Table IComparison between co-elution approaches and other commonly used strategies to detect protein-protein interactions
      Co-elutionY2H-basedAP-MSIP-MSBioID
      “All-to-all” interactome+
      High-throughput+++
      Protein tagging+++
      Study different biological contexts+++
      Type of interactions
       Direct+++++
       Indirect++++
       Proximal+
      Selectivity+
      Same protein in multiple complexes+
      In vivo++
      Suited for weak/transient interactions++
      An added attraction of co-elution studies is that the generated interactome should be more physiologically relevant than results from studies involving protein tagging because modifying proteins can perturb endogenous interactions by the presence of the tag or overexpression of the bait (
      • Titeca K.
      • Lemmens I.
      • Tavernier J.
      • Eyckerman S.
      Discovering cellular protein-protein interactions: Technological strategies and opportunities.
      ,
      • Claire M.
      • Delahunty J.R.Y.I.
      ). In this sense, co-elution is similar to immunoprecipitation-type AP-MS studies, where proteins are purified with an antibody against the bait itself, rather than an added epitope, but co-elution is not dependent on the existence of a specific and high affinity antibody (
      • Snider J.
      • Kotlyar M.
      • Saraon P.
      • Yao Z.
      • Jurisica I.
      • Stagljar I.
      Fundamentals of protein interaction network mapping.
      ,
      • Claire M.
      • Delahunty J.R.Y.I.
      ). In AP-MS, the bait is fused to an affinity tag allowing the purification of this bait and its interacting partners without the need for a specific antibody, but it still relies on the fusion step.
      Co-elution studies take considerably less time and resources than an equivalently scaled AP-MS study, so replicates can be conducted more easily. This also means that biological perturbations of the network can be measured. This has so far only been done globally using SILAC (
      • Kristensen A.R.
      • Gsponer J.
      • Foster L.J.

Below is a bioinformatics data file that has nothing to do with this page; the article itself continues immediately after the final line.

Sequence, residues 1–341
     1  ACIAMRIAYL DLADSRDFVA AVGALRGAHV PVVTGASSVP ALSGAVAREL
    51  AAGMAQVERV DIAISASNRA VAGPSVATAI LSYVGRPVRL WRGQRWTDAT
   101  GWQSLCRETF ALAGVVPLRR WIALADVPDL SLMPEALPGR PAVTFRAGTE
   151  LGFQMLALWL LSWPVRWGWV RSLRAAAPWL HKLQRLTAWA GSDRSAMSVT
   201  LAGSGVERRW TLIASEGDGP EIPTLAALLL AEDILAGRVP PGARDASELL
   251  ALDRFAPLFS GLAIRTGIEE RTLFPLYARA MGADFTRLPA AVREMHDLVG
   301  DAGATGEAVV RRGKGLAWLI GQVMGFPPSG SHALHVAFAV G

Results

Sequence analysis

A high-throughput approach for measuring temporal changes in the interactome.
      ,
      • Scott N.E.
      • Rogers L.D.
      • Prudova A.
      • Brown N.F.
      • Fortelny N.
      • Overall C.M.
      • Foster L.J.
      Interactome disassembly during apoptosis occurs independent of caspase cleavage.
      ), but in principle could also be accomplished using label-free quantitation. Improved quantitation in AP-MS has allowed the comparison of proteins that co-purify with a bait protein under normal and perturbed conditions in a quantitative manner (
      • Meyer K.
      • Selbach M.
      Quantitative affinity purification mass spectrometry: a versatile technology to study protein–protein interactions.
      ), but not nearly at the scale enabled by co-elution.
      The various interactome methods provide fundamentally different types of information. Co-elution, at its heart, identifies binary interactions, but these interactions do not necessarily represent direct physical connections, and can include proteins that co-elute because they are members of the same complex but not in direct physical contact (Table I, “Indirect” interactions). AP-MS targets only the complexes co-purified with a specific protein. The BioID method is similar in that it focuses on the potential interactors of a specific protein. However, the candidates identified can be direct or indirect interactors, and/or vicinal proteins that do not physically interact with the fusion protein (
      • Varnaitė R.
      • MacNeill S.A.
      Meet the neighbors: Mapping local protein interactomes by proximity-dependent labeling with BioID.
      ).
      False positive interactions are a problem for all PPI technologies, to a greater or lesser degree. In co-elution strategies, functionally unrelated complexes can co-elute, leading the user to conclude that all the component proteins interact and thus manifesting as false positives. Therefore, co-elution results should be regarded with caution. Potential novel complexes provide a good seed for follow-up analyses to obtain more detailed and high confidence biochemical information. These types of false positives can be mitigated by using as high resolution separation conditions as possible. The use of multiple orthogonal separation strategies can also decrease the effect of co-elution by chance. Targeted complex quantification should also be helpful for follow-up experiments. In addition, rigorous bioinformatic analyses lower the chances of predicting false positive interactions.
      The chromatograms or electropherograms generated in co-elution studies can also be used to quantify the relative distribution of a protein into multiple different protein complexes. That is, if one protein participates in more than one complex, the relative amounts of those different complexes can be derived. This can yield information about the dynamics of PPIs as substoichiometric interactors will, e.g., more likely be dynamic partners in the complex (
      • Titeca K.
      • Lemmens I.
      • Tavernier J.
      • Eyckerman S.
      Discovering cellular protein-protein interactions: Technological strategies and opportunities.
      ,
      • Smits A.H.
      • Vermeulen M.